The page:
This week sees the anniversary of a defining event in the atomic age – on July 16, 1945 the first nuclear weapons test was conducted in New Mexico. The bombings of Hiroshima and Nagasaki would follow less than a month later.
Now flash-forward 22 years to 1967. In the climactic scene of the Hindi film Aman, Dr Gautamdas – played by the intrepid Rajendra Kumar – single-handedly wrestles a mushroom cloud to the ground and ends the nuclear threat for good.
Okay, I’m exaggerating (but only slightly). I’m also being a little mean, because Aman is a very well-intentioned film about a young Indian doctor’s resolution to work with the Japanese victims of nuclear radiation and to simultaneously spread the message of world peace and brotherhood. This subject is handled mostly with restraint, but a few surreal moments do slip through the cracks. For example, when Gautamdas’s father sulks about his son leaving him to go and work in a distant country, we get the unusual spectre of Rajendra Kumar likening himself to a fragrant phool. A flower’s “sugandh” isn’t only meant for the maali who tended it, he says – it belongs to the whole world.
|"Oh well, as long as they remember to water you every day"|
Aman contains many noble sentiments like the above, but the film is probably best remembered today for one of the most unusual cameos in movie history: the nonagenarian Bertrand Russell playing himself in a three-minute scene where Gautamdas goes to seek his blessings in London.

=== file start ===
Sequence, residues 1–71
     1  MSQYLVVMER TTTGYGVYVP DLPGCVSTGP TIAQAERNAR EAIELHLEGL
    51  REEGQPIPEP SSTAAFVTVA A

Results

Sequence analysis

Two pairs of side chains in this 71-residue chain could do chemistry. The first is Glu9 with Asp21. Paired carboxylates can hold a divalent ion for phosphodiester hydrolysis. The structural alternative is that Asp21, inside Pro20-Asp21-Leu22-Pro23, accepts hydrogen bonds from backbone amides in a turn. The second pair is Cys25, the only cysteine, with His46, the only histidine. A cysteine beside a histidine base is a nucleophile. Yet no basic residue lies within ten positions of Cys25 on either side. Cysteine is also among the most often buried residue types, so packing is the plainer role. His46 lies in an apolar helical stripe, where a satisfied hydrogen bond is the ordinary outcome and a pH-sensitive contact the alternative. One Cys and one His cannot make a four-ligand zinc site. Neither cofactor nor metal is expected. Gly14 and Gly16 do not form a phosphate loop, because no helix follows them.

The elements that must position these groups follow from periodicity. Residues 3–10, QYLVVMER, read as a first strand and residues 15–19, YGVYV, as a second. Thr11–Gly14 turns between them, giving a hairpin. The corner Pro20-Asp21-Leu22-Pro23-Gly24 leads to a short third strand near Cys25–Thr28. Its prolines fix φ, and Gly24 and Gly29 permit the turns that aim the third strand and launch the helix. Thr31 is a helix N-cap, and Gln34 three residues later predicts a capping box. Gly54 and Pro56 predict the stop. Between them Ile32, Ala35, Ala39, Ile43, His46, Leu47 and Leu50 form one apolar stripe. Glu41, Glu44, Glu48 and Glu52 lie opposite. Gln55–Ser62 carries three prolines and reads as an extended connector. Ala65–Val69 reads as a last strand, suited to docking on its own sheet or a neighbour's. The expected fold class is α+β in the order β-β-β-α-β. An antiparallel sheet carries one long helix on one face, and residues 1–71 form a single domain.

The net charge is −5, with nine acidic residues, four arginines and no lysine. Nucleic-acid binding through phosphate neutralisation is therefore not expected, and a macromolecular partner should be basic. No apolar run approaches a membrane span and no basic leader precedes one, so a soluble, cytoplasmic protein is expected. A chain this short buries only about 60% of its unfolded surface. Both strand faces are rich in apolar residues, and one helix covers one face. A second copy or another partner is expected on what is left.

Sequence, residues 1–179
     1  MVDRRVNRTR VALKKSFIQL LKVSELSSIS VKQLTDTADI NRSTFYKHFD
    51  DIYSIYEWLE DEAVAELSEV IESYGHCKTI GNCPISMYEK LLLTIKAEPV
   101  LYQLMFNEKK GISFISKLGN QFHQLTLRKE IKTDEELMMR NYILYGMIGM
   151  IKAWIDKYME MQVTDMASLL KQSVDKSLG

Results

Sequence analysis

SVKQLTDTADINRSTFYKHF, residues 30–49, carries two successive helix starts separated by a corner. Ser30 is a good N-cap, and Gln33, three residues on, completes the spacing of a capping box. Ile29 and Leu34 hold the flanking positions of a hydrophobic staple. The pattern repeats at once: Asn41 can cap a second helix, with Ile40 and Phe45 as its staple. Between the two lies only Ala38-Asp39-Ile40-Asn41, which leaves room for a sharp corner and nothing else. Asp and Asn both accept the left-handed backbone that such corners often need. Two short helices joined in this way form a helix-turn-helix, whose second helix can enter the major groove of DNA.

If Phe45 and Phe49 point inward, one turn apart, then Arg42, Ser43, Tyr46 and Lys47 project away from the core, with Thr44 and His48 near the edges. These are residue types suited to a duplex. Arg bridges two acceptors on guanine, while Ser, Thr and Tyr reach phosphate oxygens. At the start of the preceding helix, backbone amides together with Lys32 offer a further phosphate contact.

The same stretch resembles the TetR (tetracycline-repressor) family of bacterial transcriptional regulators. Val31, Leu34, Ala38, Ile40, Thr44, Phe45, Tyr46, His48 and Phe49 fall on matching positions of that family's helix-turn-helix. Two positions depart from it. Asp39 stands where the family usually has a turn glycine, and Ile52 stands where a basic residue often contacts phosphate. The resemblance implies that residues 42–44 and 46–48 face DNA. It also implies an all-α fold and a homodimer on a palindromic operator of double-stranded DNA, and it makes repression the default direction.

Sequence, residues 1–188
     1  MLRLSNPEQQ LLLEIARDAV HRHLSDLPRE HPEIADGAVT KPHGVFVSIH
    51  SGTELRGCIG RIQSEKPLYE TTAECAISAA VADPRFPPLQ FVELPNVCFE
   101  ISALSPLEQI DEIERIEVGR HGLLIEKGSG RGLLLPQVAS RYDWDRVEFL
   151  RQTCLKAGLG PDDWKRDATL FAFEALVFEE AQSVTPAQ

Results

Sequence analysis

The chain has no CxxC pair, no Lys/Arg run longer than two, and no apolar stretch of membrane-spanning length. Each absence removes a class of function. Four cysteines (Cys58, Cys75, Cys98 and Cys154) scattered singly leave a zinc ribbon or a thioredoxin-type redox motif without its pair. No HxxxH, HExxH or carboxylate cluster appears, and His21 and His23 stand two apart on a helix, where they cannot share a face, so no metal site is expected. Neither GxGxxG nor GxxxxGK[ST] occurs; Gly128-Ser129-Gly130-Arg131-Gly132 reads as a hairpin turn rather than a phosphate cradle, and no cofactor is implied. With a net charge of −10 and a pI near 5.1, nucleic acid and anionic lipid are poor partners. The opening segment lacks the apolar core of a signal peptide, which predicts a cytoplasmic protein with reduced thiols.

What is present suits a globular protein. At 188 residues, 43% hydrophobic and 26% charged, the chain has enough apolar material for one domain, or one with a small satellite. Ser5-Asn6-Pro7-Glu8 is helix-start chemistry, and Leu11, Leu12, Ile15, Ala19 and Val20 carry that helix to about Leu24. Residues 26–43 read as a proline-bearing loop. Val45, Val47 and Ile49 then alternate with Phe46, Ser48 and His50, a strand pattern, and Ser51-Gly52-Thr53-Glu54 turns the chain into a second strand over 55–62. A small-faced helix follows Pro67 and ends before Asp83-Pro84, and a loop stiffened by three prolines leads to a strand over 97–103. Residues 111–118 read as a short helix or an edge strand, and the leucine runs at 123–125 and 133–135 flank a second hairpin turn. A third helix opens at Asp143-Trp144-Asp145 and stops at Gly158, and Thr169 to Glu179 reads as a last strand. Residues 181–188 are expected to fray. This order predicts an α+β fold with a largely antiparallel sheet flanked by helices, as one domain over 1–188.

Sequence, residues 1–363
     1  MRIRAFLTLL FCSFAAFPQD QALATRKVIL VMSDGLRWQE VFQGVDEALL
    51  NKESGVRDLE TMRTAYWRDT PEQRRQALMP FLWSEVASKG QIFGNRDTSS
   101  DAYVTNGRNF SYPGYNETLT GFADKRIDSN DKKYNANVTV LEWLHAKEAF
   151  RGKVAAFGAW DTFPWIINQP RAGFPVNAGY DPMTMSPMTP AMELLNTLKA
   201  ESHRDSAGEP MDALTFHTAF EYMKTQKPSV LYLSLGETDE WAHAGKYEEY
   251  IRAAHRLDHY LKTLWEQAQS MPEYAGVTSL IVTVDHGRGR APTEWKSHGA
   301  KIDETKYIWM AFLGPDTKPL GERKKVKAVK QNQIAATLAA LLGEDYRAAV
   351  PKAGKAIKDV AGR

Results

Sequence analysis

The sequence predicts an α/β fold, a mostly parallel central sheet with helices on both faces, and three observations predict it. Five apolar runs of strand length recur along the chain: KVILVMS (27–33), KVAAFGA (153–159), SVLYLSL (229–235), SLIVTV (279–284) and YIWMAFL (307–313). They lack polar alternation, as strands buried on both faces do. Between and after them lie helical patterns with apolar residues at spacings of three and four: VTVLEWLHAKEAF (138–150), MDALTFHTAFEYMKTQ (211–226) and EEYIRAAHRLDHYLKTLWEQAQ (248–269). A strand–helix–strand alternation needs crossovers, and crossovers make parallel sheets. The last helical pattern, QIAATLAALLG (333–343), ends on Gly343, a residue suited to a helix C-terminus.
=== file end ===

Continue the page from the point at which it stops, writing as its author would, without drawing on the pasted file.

You have to feel a little sorry for Russell. For one thing, he is referred to in highly mystical terms throughout the build-up to his guest appearance – as a devtaa, a mahapurush who blesses us with his presence only once every century, and so on. When Gautamdas receives the letter saying that the great man has granted him an appointment, he calls it a teerth-yatra or pilgrimage. I’m not sure the well-known agnostic would have approved of all this.
Besides, even a film as high-minded as Aman deserves some criticism for visiting the torment of Rajendra Kumar’s English upon a 94-year-old man. Given that the Japanese people in the story speak in Hindi (which is completely acceptable as cinematic licence), I wish they had hired AK Hangal or someone to dub Russell’s voice. Why not Raaj Kumar? It would have made the scene an all-time classic. Imagine: “Jaani, tum mushroom cloud se jaake lado. Main oopar waale se prarthana karoonga ke tumhaari vijay ho.”
Sadly, then, the existing Russell scene is a pale shadow of what it could have been. But it's still pretty good. Here's the video (Youtube link here).